If you haven’t yet seen Jon Stewart’s testimony in favor of renewing health benefits for 9/11 first responders, you should watch it here, now.
In it, the former Daily Show host calls out the politicians who didn’t bother showing up to a Congressional hearing on renewing the 9/11 Victims Compensation Fund. The Fund provides financial reimbursement for those injured during or suffering from medical defects because of the 9/11 attacks. The majority of those serviced by the Fund are first responders who performed fire and rescue that day.
Stewart appeared with several 9/11 first responders and their families, many of whom provided accompanying testimony. Among them was retired NYPD Detective Luis Alvarez, who contracted colorectal cancer from rescue work at Ground Zero. Alvarez, frail from years of chemotherapy, told the subcommittee “I should not be here, but you made me come.” Only days after his testimony, Alvarez’s doctors declared his cancer incurable and he entered hospice care. Alvarez’s case is, unfortunately, far from unique.
The Victims Compensation Fund originally operated from 2001-2004, serving those injured during the attacks. But years later, first responders who worked at Ground Zero began contracting respiratory diseases. The dust from the fallen Towers, which first responders breathed in, contained lead, asbestos, dioxins, chemicals and other dangerous substances. Bush-era EPA head Christine Todd Whitman, internal documents revealed, lied to first responders about Ground Zero’s air safety.
The Fund, and its Problems
To remedy this, Congress reactivated the Fund with the James Zadroga 9/11 Health and Compensation Act of 2010. The Fund was renewed in 2015, covering all claims up until the end of 2020. The renewal provided $7.375 billion for payouts.
Unfortunately, this is not enough. A statement from the Fund’s special master revealed the program has already paid out $5 billion of that to 21,000 claimants. This leaves very little for future claims, including 20,000 already filed and pending determination. As a result, awards not yet determined will be significantly cut – by 50% for those already filed and 70% for those not.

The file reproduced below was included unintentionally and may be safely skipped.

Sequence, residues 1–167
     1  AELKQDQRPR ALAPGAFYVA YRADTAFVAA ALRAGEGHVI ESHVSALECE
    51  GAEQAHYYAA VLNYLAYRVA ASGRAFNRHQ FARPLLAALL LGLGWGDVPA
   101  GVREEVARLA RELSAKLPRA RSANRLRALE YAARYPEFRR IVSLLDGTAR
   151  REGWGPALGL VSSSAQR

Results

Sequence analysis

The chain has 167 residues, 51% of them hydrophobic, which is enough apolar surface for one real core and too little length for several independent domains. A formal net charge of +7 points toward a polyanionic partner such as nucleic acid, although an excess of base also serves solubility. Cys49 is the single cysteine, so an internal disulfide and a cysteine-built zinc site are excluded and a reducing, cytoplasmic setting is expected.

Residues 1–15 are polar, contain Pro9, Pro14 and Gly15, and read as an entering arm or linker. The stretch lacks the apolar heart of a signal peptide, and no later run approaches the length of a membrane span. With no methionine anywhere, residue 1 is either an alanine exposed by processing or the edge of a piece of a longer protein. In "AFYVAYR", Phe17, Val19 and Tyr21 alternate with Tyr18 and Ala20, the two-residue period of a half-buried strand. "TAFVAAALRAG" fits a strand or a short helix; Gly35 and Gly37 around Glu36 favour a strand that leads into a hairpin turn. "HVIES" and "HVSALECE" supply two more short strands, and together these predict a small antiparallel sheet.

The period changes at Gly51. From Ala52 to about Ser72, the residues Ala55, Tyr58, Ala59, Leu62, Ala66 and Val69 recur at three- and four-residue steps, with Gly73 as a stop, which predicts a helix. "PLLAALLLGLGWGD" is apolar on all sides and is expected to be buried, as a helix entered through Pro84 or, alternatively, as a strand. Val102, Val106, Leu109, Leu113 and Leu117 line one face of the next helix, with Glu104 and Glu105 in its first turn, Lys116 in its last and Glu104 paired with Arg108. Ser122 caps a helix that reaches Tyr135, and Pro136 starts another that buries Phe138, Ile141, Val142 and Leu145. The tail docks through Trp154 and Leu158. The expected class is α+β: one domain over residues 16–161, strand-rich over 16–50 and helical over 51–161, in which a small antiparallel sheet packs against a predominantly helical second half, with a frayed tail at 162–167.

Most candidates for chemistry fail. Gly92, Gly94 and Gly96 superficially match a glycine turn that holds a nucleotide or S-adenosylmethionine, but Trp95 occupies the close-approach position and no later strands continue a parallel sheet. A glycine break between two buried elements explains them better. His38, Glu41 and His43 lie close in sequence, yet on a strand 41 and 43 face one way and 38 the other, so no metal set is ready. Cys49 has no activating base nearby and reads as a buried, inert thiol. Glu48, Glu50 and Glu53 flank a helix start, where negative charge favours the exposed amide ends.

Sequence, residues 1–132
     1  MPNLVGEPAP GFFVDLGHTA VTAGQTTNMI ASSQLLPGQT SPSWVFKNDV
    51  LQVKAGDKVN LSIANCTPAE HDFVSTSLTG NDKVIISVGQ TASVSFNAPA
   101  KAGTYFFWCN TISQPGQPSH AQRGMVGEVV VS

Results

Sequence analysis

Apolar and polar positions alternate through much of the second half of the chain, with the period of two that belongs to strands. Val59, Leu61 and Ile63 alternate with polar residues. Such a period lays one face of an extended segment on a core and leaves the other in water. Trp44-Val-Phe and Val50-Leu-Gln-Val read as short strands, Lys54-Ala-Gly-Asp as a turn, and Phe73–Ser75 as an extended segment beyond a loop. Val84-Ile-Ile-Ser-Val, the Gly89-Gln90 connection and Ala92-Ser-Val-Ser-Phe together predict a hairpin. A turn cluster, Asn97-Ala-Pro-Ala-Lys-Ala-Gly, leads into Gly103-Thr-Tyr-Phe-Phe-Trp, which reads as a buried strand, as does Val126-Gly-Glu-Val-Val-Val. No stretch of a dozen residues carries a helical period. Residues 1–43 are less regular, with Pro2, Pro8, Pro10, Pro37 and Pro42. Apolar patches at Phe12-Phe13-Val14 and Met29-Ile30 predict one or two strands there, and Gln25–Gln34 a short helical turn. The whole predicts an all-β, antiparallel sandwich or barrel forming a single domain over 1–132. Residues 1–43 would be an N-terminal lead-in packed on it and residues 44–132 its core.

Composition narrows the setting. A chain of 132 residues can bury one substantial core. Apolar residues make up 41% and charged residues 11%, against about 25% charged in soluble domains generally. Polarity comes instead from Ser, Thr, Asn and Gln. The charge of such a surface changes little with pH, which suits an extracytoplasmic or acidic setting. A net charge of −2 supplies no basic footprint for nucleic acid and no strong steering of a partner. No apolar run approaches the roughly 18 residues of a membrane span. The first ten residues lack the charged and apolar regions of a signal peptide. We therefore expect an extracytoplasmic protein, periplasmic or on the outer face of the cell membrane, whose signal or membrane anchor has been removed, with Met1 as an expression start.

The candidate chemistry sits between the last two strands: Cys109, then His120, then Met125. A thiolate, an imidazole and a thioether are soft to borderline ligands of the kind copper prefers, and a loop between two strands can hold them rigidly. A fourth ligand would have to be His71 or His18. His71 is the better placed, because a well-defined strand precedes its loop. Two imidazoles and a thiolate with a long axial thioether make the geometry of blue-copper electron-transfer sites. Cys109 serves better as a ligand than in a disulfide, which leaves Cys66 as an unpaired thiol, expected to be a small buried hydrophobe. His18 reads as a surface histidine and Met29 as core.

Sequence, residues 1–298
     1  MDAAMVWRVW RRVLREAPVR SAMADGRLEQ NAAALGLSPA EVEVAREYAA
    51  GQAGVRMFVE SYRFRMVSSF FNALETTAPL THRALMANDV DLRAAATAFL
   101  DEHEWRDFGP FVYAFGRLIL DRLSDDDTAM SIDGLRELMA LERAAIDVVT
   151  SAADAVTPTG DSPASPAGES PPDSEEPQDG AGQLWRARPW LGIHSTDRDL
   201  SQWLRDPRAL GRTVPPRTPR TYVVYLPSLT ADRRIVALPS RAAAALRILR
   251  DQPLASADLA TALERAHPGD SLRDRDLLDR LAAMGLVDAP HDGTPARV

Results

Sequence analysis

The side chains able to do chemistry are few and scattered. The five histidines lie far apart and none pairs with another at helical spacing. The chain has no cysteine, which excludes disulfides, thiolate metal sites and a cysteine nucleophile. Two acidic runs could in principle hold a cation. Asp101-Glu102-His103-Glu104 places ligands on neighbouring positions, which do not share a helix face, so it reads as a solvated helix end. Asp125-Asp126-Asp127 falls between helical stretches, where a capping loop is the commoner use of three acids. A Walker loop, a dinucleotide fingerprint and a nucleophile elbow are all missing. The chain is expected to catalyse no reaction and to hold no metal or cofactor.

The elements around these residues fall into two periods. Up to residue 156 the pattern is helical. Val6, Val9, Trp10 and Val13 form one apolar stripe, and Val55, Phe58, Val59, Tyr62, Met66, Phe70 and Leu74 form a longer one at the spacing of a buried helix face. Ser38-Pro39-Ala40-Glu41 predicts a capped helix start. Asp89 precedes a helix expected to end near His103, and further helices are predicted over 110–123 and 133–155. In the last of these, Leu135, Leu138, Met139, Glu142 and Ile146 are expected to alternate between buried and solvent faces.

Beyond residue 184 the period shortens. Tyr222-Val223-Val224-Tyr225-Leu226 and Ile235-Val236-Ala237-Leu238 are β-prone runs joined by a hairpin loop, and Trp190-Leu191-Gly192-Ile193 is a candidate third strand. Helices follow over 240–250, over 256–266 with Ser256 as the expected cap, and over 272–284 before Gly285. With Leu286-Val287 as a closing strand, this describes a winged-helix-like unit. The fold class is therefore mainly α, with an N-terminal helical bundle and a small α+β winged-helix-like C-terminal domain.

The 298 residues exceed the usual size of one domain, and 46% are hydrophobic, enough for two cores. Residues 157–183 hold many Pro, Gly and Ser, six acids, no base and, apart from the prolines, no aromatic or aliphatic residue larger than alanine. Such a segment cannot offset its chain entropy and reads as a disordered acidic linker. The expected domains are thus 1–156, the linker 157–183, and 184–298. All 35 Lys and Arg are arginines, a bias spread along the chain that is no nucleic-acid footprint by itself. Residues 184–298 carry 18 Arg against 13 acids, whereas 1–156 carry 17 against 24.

This is an outrage. First responders need that money to afford costly medical procedures. The World Trade Center Program reports that over 32,000 responders suffer from aerodigestive illnesses; more than 700 have died. A variety of cancers, mainly skin and prostate, afflict over 9,000 responders, and have killed 600. Less visible, like always, is mental health. More than 11,000 responders, as a result of the traumatic experience of the attack, have at least one mental health diagnosis.
Experts predict the number of deaths from toxic exposure will soon exceed deaths that occured in the attack itself. The Hall of Heroes, which honors the New York officers who died saving lives on 9/11, recently added another tablet to fit those who have died of 9/11-related illnesses since then.
Congress funding health care for 9/11 first responders should be bipartisan and easily passed. For some reason, it is not.
A Decade Long Battle For Funding
Its approval was hard-won.Republican senators filibustered it over objections it was too expensive. Then Minority Leader Mitch McConnell used the act as a political football, saying Republicans would only vote for it if Democrats approved an extension for Bush-era tax cuts. They also demanded funding cuts and impermanence. Thus, when it finally did pass, its initial funding of $7.4 billion had been slashed to $4.2 billion. It would have to be renewed in 2015.
The renewal battle was also testy. McConnell, now Majority Leader, again held 9/11 heroes hostage for his own political priorities. This time, funding was contingent on Democrats helping lift a ban on US oil exports. The renewal barely made it into a year-end spending bill after McConnell relented.
Jon Stewart was a major player in both legislative fights. His 2010 Daily Show episode devoted to the Zadroga Act is regarded as the driving force behind its passage. In his first episode after the attacks, the lifelong New Yorker gave a must-watch monologue comforting viewers.
What Do We Do Now?
The House Judiciary Committee passed the Never Forget the Heroes Act, which would extend the Fund through 2090. It will be hope for a vote in the full House by this August. Once it reaches the Senate, who knows what McConnell will demand in return for his support this time?
So it’s time to call your Congressman. You can reach the US House switchboard at (202) 225-3121 and the Senate switchboard at (202) 224-3121. Tell them to support our heroes by voting Yes on the Never Forget the Heroes Act. This is especially true if you are a Kentucky native. Call Mitch McConnell and tell him he must never use 9/11 first responders as bargaining chips ever again.
You can track your Congressman’s support of the act at this website.
Disclaimer: The views and opinions expressed in this article are those of the authors and do not necessarily reflect the position of Heroes Media Group